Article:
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Neil Young goes solo

The Story

When Canadian musician Neil Young drove his second-hand hearse down to Los Angeles in 1966, he was bent on success as a solo artist. Almost three years later, after taking a career detour with the band Buffalo Springfield, Young is back on the road to fame in his own name. In this illuminating 1969 interview with CBC Radio's Robert Fulford, Young discusses the bitter end of Buffalo Springfield, the "dirty" music industry in L.A., groupies, and his recording process as a solo musician.

Medium: Radio
Program: This is Robert Fulford
Broadcast Date: Feb. 11, 1969
Guest(s): Neil Young
Interviewer: Robert Fulford
Duration: 17:59
This clip was edited for copyright reasons.

Did You know?

• Born in Toronto in 1945, Neil Young spent his teenage years as a musician in Winnipeg, where he lived with his mother. His first band of note was the Squires, which had a local hit with the song The Sultan.

• Young's father was Canadian sportswriter and columnist Scott Young. In a Globe and Mail column of June 15, 1965, the elder Young wrote a visit from Neil, then 19 years old and checking out the Toronto scene while his band sought out a new hearse for touring. "He's six feet tall and weighs less than 140 - long legs in tight tan pants, a very dirty shirt under a good sweater, long hair hanging down at the back and brushed low on his forehead at the front, a big smile," wrote Scott Young.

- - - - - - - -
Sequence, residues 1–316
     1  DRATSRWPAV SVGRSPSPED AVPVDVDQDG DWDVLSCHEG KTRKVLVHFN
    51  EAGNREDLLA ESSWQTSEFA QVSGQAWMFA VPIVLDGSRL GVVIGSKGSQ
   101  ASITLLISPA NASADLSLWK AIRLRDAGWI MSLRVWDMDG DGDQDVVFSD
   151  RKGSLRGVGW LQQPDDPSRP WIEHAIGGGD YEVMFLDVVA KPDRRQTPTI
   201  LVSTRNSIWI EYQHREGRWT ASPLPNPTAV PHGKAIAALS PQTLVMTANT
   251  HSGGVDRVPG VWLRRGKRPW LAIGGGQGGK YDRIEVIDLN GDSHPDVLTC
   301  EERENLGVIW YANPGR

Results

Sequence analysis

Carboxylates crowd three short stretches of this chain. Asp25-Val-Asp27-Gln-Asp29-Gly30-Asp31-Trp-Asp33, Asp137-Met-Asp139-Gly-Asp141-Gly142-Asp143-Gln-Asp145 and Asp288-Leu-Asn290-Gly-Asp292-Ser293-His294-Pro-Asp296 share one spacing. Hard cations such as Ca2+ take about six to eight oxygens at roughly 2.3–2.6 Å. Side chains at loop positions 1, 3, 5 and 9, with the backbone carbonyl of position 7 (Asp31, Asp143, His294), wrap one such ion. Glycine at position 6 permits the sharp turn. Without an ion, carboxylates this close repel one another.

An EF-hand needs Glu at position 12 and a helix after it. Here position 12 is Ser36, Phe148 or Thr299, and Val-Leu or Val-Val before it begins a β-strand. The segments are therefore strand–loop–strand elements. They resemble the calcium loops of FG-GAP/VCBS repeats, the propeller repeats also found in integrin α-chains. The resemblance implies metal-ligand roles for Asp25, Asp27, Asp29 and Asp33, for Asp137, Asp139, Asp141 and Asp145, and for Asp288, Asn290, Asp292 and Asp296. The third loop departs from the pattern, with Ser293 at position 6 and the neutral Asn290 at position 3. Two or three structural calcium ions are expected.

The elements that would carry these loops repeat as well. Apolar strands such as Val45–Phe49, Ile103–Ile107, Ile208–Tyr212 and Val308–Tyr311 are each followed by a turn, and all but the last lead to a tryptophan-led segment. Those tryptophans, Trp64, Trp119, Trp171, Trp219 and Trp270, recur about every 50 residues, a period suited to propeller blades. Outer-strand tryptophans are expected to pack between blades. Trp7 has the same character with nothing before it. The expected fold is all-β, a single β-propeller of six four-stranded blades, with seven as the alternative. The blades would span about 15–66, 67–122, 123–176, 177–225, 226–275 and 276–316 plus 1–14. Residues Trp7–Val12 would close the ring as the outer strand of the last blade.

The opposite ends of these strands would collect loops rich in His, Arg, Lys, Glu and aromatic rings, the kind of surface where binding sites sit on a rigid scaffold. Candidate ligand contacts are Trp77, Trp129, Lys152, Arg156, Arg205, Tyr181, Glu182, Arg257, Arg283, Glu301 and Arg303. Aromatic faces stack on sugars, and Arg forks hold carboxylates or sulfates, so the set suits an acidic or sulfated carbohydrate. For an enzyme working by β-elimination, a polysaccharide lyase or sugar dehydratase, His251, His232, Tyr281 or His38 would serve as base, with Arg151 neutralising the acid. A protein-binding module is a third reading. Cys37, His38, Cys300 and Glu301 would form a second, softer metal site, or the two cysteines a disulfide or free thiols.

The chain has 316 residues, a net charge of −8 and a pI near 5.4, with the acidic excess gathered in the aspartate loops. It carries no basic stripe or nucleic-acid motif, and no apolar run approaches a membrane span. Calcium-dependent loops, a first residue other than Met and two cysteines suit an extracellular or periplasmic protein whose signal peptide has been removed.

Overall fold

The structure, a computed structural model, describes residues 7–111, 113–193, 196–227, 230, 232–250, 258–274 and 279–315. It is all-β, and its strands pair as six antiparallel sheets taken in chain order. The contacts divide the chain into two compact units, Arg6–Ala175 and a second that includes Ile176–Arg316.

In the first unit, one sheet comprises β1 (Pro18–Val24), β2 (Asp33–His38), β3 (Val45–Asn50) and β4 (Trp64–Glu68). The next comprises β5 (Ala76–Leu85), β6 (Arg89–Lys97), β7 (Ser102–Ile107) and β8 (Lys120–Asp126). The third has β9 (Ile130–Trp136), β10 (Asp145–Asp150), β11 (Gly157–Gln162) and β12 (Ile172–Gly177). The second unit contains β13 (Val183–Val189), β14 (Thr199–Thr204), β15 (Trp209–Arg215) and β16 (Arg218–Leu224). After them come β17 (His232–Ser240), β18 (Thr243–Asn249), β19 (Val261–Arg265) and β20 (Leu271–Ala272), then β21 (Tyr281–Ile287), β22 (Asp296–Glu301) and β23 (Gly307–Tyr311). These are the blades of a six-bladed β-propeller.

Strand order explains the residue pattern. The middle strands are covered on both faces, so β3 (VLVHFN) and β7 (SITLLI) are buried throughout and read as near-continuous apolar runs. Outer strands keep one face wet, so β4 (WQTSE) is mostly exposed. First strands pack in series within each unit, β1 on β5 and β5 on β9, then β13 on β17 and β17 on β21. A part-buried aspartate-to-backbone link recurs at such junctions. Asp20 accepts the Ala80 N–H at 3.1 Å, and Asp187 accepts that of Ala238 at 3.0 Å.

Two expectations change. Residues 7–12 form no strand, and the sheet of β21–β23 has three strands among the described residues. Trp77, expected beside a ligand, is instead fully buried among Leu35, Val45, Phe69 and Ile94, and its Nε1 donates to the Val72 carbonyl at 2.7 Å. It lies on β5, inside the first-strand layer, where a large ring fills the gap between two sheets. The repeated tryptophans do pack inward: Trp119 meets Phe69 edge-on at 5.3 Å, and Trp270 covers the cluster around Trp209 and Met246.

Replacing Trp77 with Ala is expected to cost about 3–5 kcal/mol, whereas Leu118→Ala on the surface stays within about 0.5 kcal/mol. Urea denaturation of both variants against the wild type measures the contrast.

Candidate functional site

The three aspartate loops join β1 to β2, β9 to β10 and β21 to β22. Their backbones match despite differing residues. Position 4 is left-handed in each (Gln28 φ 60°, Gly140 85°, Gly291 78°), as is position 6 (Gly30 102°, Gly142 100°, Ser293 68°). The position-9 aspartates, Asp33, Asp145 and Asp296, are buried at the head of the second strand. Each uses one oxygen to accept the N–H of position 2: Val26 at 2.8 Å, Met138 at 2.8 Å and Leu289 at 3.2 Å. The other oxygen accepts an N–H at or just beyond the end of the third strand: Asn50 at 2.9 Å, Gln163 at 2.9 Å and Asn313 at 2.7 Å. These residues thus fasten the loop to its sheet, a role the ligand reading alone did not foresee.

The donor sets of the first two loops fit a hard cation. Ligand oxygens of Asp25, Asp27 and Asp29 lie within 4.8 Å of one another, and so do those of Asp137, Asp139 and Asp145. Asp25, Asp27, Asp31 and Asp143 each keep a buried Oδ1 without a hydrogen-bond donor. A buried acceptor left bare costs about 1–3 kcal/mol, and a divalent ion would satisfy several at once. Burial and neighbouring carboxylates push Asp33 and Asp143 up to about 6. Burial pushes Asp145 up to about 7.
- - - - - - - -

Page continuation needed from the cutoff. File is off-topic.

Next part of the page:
• In this 1969 clip, Neil Young alludes to using the "live" method of recording on his next album. That would be Everybody Knows This is Nowhere, with his backing band Crazy Horse. The leadoff track, Cinnamon Girl, remains one of his best-known songs.

• Later in 1969, Young joined the trio Crosby, Stills and Nash (and insisted that they change their name to include him). The quartet played the Woodstock festival in August that year and recorded an album together. Young remained devoted to his solo work as well, and in 1970 released his third album in almost as many years, the hugely successful and influential After the Goldrush.




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